Maybe so, but I think you don't like me because I'm someone who both knows the science and has personal experience on the receiving end of psychiatry – and still disagrees with you.

    I'm the Black Swan that shouldn't exist.

  • Anonymous

    “Maybe so, but I think you don't like me because I'm someone who both knows the science and has personal experience on the receiving end of psychiatry – and still disagrees with you.

    I'm the Black Swan that shouldn't exist.”

    So if you sit on the opposite of a desk of a quack who declares you “clinically depressed brain diseased” yet performs no test, and you “know the science” (read: imbibes journal articles), that makes you a “black swan”? I don't think so, there are multitudes like you, that's how the Ponzi scheme keeps itself going.

    And believe me, “on the receiving end” of psychiatry, as in voluntarily swallowing SSRI's doesn't even begin to become close to knowing the receiving end. And you know it. So don't even start, Mr. “I don't believe in scientism”.

    Wrong. I'm not in the business of “handing out psychiatric diagnoses”….

    Get this, when we don't consider human problems MEDICAL problems, the word “diagnosis” doesn't apply. Simple. But hard to get your head around after years of indoctrination I know, hence the hostility from you.

    When someone felt sad and got the “depression label” and bought the lie that their brain was diseased, they really ain't no “skeptic”.

  • http://www.blogger.com/profile/06647064768789308157 Neuroskeptic

    You seem to have a “problem in leaving” silly comments – that's my diagnosis.

  • Anonymous

    “You seem to have a “problem in leaving” silly comments – that's my diagnosis.”

    And you'd be just as “scientific” as any “diagnosis” you yourself have received.

    You're no skeptic, that's for sure!

  • http://www.blogger.com/profile/00187465138890222167 LokaSamasta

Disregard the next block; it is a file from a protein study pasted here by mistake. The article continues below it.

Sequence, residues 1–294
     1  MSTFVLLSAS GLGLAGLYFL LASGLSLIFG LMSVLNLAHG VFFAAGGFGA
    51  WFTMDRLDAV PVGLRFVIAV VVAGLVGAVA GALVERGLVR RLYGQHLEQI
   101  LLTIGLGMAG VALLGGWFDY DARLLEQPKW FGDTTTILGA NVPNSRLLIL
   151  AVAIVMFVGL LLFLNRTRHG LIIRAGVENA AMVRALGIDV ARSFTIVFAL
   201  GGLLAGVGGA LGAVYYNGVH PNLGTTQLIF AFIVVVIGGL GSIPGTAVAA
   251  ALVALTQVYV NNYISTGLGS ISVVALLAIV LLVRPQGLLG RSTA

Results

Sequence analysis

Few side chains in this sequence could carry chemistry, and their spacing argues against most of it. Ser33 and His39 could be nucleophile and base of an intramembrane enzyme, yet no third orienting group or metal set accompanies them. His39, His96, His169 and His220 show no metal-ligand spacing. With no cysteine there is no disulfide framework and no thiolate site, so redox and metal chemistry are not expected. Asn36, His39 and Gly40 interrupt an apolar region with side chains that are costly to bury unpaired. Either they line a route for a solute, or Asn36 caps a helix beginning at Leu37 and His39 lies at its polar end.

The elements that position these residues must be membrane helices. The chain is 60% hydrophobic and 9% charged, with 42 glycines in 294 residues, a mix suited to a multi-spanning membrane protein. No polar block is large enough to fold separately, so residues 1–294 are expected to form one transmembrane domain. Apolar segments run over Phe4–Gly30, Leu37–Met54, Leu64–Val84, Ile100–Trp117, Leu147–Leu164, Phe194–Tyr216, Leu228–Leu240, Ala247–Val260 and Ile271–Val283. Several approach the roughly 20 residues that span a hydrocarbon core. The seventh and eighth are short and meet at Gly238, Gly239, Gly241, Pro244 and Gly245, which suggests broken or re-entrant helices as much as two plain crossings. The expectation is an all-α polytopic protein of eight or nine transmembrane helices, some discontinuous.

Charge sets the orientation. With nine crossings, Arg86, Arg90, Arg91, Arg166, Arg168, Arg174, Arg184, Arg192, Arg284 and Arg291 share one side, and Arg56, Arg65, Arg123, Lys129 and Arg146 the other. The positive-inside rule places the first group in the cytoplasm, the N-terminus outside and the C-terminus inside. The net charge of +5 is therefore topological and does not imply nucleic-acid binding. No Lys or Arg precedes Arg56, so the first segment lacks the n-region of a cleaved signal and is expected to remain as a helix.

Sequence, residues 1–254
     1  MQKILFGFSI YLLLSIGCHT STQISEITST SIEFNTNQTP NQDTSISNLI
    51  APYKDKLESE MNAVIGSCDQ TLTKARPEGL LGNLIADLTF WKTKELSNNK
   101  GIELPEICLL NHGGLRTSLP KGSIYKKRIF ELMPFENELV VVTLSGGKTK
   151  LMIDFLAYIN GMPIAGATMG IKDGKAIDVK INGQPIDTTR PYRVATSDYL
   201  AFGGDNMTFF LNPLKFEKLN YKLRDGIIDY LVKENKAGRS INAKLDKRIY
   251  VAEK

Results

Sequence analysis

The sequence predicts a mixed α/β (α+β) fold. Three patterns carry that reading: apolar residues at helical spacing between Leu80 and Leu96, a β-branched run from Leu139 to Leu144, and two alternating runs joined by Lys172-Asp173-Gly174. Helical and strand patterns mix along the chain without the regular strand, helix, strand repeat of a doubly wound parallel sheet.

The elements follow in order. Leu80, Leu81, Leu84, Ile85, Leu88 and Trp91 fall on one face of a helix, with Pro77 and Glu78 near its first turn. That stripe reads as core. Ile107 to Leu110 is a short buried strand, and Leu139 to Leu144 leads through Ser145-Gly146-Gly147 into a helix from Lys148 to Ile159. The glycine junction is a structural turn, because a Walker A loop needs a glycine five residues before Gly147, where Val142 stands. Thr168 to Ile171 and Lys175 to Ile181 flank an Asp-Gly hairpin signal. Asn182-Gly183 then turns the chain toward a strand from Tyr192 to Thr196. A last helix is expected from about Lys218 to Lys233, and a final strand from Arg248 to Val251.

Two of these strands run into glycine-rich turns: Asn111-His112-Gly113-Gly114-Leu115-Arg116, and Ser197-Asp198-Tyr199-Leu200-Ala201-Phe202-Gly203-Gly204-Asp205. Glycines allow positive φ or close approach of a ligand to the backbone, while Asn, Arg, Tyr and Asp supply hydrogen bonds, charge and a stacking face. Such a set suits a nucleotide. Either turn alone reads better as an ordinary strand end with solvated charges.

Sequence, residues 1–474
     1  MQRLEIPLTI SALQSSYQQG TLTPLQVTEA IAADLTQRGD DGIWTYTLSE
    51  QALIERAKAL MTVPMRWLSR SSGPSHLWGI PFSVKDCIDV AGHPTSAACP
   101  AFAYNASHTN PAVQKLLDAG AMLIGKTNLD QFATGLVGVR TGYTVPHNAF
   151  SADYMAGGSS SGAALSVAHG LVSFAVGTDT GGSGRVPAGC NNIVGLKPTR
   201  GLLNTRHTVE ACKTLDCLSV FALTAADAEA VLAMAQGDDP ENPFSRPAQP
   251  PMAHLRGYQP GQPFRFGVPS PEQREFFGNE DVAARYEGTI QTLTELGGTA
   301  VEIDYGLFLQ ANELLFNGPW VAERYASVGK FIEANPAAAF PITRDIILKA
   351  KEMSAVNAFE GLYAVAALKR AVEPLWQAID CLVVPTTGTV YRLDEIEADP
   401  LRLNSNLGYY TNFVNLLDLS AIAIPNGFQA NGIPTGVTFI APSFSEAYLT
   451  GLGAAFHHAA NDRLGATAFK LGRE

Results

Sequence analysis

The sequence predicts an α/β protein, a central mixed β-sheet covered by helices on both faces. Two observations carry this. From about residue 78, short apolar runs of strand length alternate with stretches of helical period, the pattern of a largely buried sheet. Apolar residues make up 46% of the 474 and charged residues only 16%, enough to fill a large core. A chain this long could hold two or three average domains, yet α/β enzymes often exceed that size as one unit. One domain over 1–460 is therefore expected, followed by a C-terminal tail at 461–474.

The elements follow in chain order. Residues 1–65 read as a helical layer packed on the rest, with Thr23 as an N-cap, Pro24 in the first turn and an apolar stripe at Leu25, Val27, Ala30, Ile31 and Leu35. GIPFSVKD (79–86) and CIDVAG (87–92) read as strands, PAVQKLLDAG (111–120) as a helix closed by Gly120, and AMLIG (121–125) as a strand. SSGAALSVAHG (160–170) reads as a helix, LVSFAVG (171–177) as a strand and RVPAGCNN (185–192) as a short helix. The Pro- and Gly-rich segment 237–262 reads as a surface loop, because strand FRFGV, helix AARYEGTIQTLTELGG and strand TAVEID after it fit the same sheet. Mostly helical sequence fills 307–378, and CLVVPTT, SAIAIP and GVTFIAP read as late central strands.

Hey I managed to get psychosis unexpectedly, because of stress, and I survived without drugs* or psychiatrists and I really enjoyed it and now I'm fine.

    *apart from hashish, but that doesn't count.

  • Anonymous

    An angle that I feel failed to be explored were the devastating side effects and risks of antipsychotics (well-documented, not controversial). Seeing the impact on patients, it is frequently hard to justify administration even if it did help with psychosis. The fact that it may not makes the risk:reward ratio entirely unjustifiable to the point of horrific. Otherwise, great article. Thanks!

  • Anonymous

    ok, so we're not sure if preventative CBT works.

    but side effects are zero.

    so why not point people to it if they feel they have mental ill-health risk factors, and would like to do something to reduce those? e.g. https://docs.google.com/viewer?a=v&pid=sites&srcid=ZGVmYXVsdGRvbWFpbnxtZW50YWxoZWFsdGh0aGlua2luZ3xneDo4ZDQ2NjkzMGQyMGNmZWE

    Another very interesting prevention idea is of mothers not receiving child-related benefits until they have passed a parenting certificate. Attachment is such a key issue, as are equal sibling treatment and prevention of abuse. Some basic education to mothers-to-be could have enormous benefits. Such ‘conditional’ benefits systems are very common in Latin America and Africa. See e.g. https://docs.google.com/viewer?a=v&pid=sites&srcid=ZGVmYXVsdGRvbWFpbnxtZW50YWxoZWFsdGh0aGlua2luZ3xneDo2YzYzMmI0NDNhMjkzMWFm&pli=1

  • Anonymous

    very interesting and useful post, thank you

  • Anonymous

    preventative CBT may not work for psychosis, but does appear to work for depression and anxiety
    see refs. here http://en.wikipedia.org/wiki/Mental_disorder#Research

  • http://www.blogger.com/profile/11760248140027990471 Professor Keith R Laws

    Re Anonymous point about “CBT side effects are zero” – this is just not true – read
    http://www.ncbi.nlm.nih.gov/pubmed/22759932

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Neuroskeptic

No brain. No gain.

About Neuroskeptic

Neuroskeptic is a British neuroscientist who takes a skeptical look at his own field, and beyond. His blog offers a look at the latest developments in neuroscience, psychiatry and psychology through a critical lens.